Patents: While a trade secret can subsequently become the content of a patent application, it cannot work the other way around. Equally, filing a patent application may not necessarily mean disclosure of every aspect of the trade secret. Hence, as opposed to a one-or-the-other approach, an integrated strategy could be considered. This dissects the same subject matter into what needs to be disclosed for the purposes of securing strong enforceable patent protection and what from a commercially strategic standpoint is more valuable, and maintainable, as a secret. The cost of maintaining a patent through the payment of renewal fees, and the cost of bringing an infringement action, will also be important contributing factors in whether a patent is applied for, especially for a smaller company.

The parties of the R&D Collaboration Agreement may therefore opt for joint patent or post R&D technology licensing framework. Since most technology licensing agreements in the biotechnology industry are a mix of patent and know-how licenses, trade secret licensing is also a possibility, if one of the contracting parties wish to own the patent and the latter wishes implement or find a third-party implementer for commercialization.

Contractual Trade Secret Protection, Licensing and Limitations in R&D Collaboration

Under the Freedom of Contract principle, the Parties can sign the following Agreements (considered as sui generis Contracts) to define Confidential Information and the will of the trade secret owner to keep his secret confidential. Some jurisdictions (ex: USA) may refer to these agreements as trade secret licenses, if one of the contracting parties is disclosing its internal trade secret for a novel collaborative R&D project.

1) Confidentiality/Non-Disclosure Agreement (“NDA”):

A Non-Disclosure Agreement (“NDA”) is a contract in which parties promise to protect the confidentiality of secret information that is disclosed during employment or in this case a collaborative R&D. The legitimate business purpose for the trade secret owner is its economic value for future commercial purposes. In case of an external or internal researcher or employee, both collaborating parties’ staff in the research center promises to keep the received information confidential. Preventing unauthorized human access to a trade secret is the whole point of an NDA and should be adjusted proportionally, not to contradict with public interest.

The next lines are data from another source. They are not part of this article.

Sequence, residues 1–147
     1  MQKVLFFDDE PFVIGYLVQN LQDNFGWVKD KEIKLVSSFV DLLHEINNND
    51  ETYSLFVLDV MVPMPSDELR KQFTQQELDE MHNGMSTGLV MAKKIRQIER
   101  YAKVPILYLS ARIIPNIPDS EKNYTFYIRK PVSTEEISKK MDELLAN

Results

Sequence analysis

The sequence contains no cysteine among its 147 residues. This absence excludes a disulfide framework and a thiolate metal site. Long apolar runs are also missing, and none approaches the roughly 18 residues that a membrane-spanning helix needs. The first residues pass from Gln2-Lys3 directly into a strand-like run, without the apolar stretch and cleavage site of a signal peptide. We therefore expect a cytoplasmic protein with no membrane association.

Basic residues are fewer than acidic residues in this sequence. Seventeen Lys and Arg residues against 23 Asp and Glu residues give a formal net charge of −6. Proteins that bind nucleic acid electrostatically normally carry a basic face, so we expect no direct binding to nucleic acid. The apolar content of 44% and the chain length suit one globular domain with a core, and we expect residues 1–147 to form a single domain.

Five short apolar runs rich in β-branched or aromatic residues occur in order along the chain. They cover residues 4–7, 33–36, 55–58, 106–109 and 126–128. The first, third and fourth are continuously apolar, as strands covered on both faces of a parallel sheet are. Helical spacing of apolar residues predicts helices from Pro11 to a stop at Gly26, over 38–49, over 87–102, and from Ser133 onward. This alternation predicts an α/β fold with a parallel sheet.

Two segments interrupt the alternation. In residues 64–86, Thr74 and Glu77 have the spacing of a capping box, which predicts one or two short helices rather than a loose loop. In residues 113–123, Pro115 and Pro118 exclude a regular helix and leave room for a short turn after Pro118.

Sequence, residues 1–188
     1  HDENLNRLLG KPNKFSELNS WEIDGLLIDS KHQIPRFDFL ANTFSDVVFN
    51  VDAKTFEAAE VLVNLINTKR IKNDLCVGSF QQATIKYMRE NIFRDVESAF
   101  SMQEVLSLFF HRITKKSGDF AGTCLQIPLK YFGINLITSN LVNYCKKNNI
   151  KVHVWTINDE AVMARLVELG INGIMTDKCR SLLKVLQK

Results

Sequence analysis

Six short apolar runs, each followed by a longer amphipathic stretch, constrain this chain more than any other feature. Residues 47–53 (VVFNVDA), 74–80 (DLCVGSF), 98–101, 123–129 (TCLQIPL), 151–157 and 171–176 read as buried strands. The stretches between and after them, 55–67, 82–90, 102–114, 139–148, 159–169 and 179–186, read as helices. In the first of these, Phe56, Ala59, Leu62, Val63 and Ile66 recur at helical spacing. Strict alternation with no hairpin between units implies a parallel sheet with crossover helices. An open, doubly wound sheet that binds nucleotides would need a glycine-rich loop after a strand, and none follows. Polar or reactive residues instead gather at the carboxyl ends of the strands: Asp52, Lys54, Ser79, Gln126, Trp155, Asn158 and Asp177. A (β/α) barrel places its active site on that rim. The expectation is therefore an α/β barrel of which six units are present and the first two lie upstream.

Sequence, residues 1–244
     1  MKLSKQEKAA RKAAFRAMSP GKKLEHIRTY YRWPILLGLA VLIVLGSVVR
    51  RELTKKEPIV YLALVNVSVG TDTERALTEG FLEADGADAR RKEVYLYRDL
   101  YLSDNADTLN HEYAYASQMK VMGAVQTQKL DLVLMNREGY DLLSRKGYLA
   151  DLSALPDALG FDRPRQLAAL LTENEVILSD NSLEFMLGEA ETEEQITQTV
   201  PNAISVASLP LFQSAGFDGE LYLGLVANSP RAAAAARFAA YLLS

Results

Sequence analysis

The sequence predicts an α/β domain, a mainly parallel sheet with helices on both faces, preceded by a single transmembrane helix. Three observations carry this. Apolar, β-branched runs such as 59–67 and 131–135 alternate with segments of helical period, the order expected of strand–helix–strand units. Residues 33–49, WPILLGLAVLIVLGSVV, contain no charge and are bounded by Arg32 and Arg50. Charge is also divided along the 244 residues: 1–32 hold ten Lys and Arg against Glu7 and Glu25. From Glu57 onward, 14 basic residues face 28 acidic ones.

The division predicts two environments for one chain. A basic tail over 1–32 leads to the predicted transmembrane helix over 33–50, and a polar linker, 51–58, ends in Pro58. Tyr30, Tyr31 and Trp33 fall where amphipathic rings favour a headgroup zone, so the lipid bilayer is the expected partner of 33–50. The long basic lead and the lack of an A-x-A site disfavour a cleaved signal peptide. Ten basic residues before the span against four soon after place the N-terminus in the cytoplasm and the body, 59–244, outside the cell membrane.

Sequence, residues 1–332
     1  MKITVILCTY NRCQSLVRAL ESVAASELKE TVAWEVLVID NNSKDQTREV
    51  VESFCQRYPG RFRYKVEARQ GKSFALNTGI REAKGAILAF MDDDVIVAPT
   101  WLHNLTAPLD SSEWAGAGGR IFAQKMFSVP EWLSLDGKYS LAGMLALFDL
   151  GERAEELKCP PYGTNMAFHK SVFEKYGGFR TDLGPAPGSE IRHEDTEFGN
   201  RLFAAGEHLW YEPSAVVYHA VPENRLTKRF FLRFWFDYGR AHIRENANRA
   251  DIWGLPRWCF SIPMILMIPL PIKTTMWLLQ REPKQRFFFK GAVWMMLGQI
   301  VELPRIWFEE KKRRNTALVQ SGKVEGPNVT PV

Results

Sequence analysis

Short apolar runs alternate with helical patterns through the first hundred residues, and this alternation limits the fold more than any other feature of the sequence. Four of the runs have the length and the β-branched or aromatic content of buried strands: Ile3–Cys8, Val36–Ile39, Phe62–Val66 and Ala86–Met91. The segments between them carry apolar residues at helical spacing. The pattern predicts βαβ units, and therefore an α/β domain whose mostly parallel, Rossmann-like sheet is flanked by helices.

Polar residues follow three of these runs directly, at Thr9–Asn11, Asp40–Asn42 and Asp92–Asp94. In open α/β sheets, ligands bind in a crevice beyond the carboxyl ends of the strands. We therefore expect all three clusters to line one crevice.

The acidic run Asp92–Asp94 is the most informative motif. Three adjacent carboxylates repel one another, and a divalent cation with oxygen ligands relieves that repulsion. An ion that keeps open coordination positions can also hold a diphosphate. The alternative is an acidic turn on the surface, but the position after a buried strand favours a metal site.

NDA’s may also function as a trade secret license with a permission-granting purpose. This does not necessarily mean that NDA’s are licenses as such but depended on the contractual clauses. As in the case of other licenses, trade secret licenses can also be drafted as exclusive or non-exclusive. However, the licensors must bear in mind that increase the risk of unauthorized or accidental disclosure. Therefore, a balance of desire for market penetration through cooperative non-exclusive license agreements against the costs associated with protecting the trade secret from disclosure is necessary in every R&D Project.

For factual protection: Trade secrets and confidential information, according to the NDA, may be specified as “confidential” during the exchange of documents. This method may create the possibility to protect not only the secrets that emerged during the signing of the contract, but also the trade secrets that occurred during the R&D progress. In addition, an additional confidentiality clause must be added in order to determine the procedures to be applied for the protection of confidential information and guarantees to return the documents containing confidential information to its owner when the contract is terminated. It is also beneficial for the parties to include additional information outside the scope of confidentiality in the NDA.

2) Post-Contractual Non-Compete Agreement (“NCA”):

 NCA aims to limit parties to compete with a business/university spin-off, after termination of employment or completion of an R&D. This agreement is relevant for researchers and employees contributing to the collaborative R&D under employment contracts or by other means. A proportional NCA, may not be more than 2 years and -if necessary- payment for compensation for the time of non-compete may be provided. Additionally, the Turkish Code of Obligations sets the proportionality level of a NCA under Art 444/2, stating that: “If the service agreement  provides the worker with the opportunity to obtain information about the customer environment, the production secrets or the work done by the employer, and if the use of this information causes a serious harm to the employer….”  The NCA will be valid. All types of information may be considered confidential by the parties in the NCA, unless it causes the economic downfall of the employee/researcher (tying agreement).